But if you love that “blue box” taste, you’ll be pleased to know that you can buy Kraft mac and cheese in the UK!
ASDA sells the Kraft Classic Macaroni & Cheese in their stores and online.
Tortilla Chips + Salsa – Luchito
Did you know that British people use Doritos as tortilla chips? I discovered that after eating the saddest plate of nachos imaginable.
Doritos also sells their own awful salsa and queso that’s worse than any store-brand variety I’ve eaten in the US. I thought it would taste similar to Tostitos, but I was very wrong.
After a year or so of living here, I came across a far better brand of chips and salsa: Luchito.
Their corn tortilla chips are pretty good, and I’m a big fan of their tomatillo salsa. They also sell a chipotle red salsa, though I’m not a big fan of the smoky flavor.
Luchito products are sold at Waitrose and Sainsbury’s, and I believe Tesco carries the tortilla chips.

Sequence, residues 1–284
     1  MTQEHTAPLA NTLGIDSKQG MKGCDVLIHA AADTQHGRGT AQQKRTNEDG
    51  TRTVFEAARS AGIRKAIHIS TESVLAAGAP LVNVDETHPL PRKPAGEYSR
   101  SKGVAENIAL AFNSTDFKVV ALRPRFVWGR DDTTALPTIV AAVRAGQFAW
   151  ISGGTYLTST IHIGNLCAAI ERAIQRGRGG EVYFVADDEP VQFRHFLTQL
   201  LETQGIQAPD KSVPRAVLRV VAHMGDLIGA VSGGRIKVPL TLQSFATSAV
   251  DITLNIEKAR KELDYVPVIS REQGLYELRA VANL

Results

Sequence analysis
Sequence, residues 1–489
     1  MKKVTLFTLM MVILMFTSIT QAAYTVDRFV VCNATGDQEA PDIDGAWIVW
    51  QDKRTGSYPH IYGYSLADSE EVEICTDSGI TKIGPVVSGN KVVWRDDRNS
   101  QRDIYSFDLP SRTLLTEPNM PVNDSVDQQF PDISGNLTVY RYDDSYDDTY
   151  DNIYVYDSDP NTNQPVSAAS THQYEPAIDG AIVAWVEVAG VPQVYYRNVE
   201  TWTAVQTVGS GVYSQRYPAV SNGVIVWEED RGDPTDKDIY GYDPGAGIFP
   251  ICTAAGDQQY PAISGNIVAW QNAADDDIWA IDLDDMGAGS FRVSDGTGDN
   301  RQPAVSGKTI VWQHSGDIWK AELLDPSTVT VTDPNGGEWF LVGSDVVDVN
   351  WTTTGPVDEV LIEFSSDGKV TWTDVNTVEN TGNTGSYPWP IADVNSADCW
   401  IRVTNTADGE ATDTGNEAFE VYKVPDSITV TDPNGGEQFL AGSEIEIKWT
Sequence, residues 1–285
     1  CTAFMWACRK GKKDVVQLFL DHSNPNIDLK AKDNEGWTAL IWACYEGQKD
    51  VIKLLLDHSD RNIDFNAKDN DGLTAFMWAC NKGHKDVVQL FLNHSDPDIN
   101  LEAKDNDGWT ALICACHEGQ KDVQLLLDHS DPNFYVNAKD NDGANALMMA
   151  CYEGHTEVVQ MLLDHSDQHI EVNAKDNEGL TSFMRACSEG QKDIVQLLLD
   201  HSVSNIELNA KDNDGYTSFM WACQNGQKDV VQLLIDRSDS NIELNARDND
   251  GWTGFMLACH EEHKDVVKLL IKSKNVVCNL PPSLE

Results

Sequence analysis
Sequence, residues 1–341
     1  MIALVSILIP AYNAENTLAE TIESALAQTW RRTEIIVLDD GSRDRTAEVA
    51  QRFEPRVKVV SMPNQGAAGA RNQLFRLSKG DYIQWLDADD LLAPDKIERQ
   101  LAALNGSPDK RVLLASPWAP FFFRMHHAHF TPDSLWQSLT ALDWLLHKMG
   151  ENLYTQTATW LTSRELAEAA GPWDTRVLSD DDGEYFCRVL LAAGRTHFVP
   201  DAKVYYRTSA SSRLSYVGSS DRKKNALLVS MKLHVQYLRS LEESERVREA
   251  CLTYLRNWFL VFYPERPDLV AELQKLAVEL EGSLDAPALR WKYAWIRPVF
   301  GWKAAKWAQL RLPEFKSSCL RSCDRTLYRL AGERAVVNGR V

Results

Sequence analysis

While Luchito is the easiest brand to find in the UK, you can score more authentic Manomasa Cantina Chips at your local Whole Foods (if you live in London).
Pizza – Crosta & Mollica Stromboli Sourdough
As much as I love Neapolitan-style pizza, sometimes I crave an extra cheesy, soft-crusted, slightly greasy slice of pie.
After sampling a bunch of oven-ready pizzas in my quest to find an American-style pepperoni equivalent, I found an unlikely winner: Crosta & Mollica’s Stromboli Sourdough pizza.
I say unlikely because this delicious pizza is actually made in Italy with a Neapolitan-style dough. However, both the flavor and crust texture are incredibly similar to the pizza I grew up eating in the US.
I hope you have a better idea of where to buy American food in the UK! For more practical expat tips and resources, join my Patreon group below.